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Fine Chinese furniture and paintings achieve top prices at Bonhams San Francisco
A huanghuali altar table, 18th century. The floating panel top set into a mitered, mortise and tenon frame over a plain beaded apron with U-shaped spandrels joined to tubular supports and paired cross braces. 32 1/4 x 76 5/8 x 20 1/4in (82 x 194.5 x 51.5cm). Sold for $389,000; Est. $60,000-80,000. Photo: Courtesy of Bonhams.
SAN FRANCISCO, CA.- Bonhams San Francisco was the destination of choice for international collectors of Asian art who traveled to attend the bi-annual auction of Fine Chinese Art and Asian Decorative Art on June 24 and 25. The auction achieved nearly $9.5 million - over twice the pre-sale estimate, with broad-based bidding from Mainland Chinese buyers dominating the sale. The preview and saleroom were packed with buyers from Asia who vied for Chinese works of art, driving prices to multiples of their estimates in choice collecting areas.

The Chinese furniture lots on offer were a key target for buyers in the room, on the internet and on the telephone; lot after lot was knocked down to six figure prices. A fine, 18th century, huanghuali altar table from the O'Brien collection soared past its estimate to achieve $389,000 (est. 60,000-90,000). A zitan side table of the late Qing/Republic period from a Piedmont, Calif., collection, brought out of Shanghai in the 1930s, sold for $233,000 (est. $50,000-70,000). A pair of zitan and hardwood side tables from a Pacific Northwest collection captured the record for the day, selling for $413,000.

The momentum continued through the ceramics offered, with a spotlight on a rare pair of wucai jardinieres, of the six character Kangxi mark and period, which sold for $160,000 - almost three times its low estimate. The pace of the sale reached a frenzy in the Chinese paintings section where lot after lot soared past their high estimates. A painting by the renown artist Qi Baishi (1863-1957) of "Amaranths and Dragonflies," acquired from the artist in Beijing by Hellmut Wilhelm (1905-1990) and Maria Illch-Wilhelm, then to the current owner by descent, achieved $305,000 (estimate $50,000-70,000). A Republic period copy of a handscroll painted in the style of Lan Shining (Giuseppe Castiglione) depicting a hunting scene, offered on behalf of the Portland Art Museum to benefit future acquisitions, brought an impressive $209,000.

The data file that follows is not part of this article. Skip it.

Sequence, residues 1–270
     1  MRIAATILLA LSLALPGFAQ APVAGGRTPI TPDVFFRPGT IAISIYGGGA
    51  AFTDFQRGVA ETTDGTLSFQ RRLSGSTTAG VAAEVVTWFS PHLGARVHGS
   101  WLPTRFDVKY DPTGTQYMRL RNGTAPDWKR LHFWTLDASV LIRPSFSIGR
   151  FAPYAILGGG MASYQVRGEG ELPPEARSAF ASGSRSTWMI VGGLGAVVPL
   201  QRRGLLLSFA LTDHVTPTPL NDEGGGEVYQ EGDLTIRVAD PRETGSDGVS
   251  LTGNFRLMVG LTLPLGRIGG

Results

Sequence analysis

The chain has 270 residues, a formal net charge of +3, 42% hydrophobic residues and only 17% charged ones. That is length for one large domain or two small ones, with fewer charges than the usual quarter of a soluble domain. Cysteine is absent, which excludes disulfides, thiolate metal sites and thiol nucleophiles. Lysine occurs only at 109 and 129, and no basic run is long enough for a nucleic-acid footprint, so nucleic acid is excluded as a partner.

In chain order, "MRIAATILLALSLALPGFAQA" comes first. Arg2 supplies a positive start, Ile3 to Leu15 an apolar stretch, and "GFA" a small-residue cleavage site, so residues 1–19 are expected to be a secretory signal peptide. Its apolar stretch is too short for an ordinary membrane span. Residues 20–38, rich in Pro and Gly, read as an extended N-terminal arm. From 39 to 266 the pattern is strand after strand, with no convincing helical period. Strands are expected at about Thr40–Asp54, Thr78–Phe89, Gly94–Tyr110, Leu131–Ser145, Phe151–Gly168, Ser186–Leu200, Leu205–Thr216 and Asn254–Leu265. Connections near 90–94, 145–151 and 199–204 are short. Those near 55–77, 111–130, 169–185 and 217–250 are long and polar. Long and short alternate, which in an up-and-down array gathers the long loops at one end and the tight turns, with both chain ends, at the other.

Prices were buoyant in all sections of the two-day sale, with jades, snuff bottles and textiles from two San Francisco collections standing out as the particular recipients of broad-based bidding. Enameled porcelains were a notable focus of buying attention during the second day of the sale, with an unusual polychrome enamel model of a lingzhi fungus, Qianlong mark, selling for an impressive $301,000 to a telephone bidder against strong competition. Republic period enameled plaques were no exception; all that were offered sold well. The top-selling example, comprising two polychrome enameled plaques, achieved $81,250 - eight times its pre-sale estimate. Chinese furniture from the estate of Dr. Gerber that was offered on the second day received very strong attention with its top lot, a pair of hardwood cabinets, yuanjiao gui, selling for more than 10 times its pre-sale estimate at $112,000.

"We are very pleased with the results of these two days," said Dessa Goddard, Director of Asian Art at Bonhams, U.S. "The record attendance by overseas buyers is a statement of the continued growth of the Bonhams brand in Asia, and the strong overall results attest to a healthy, diversified market."

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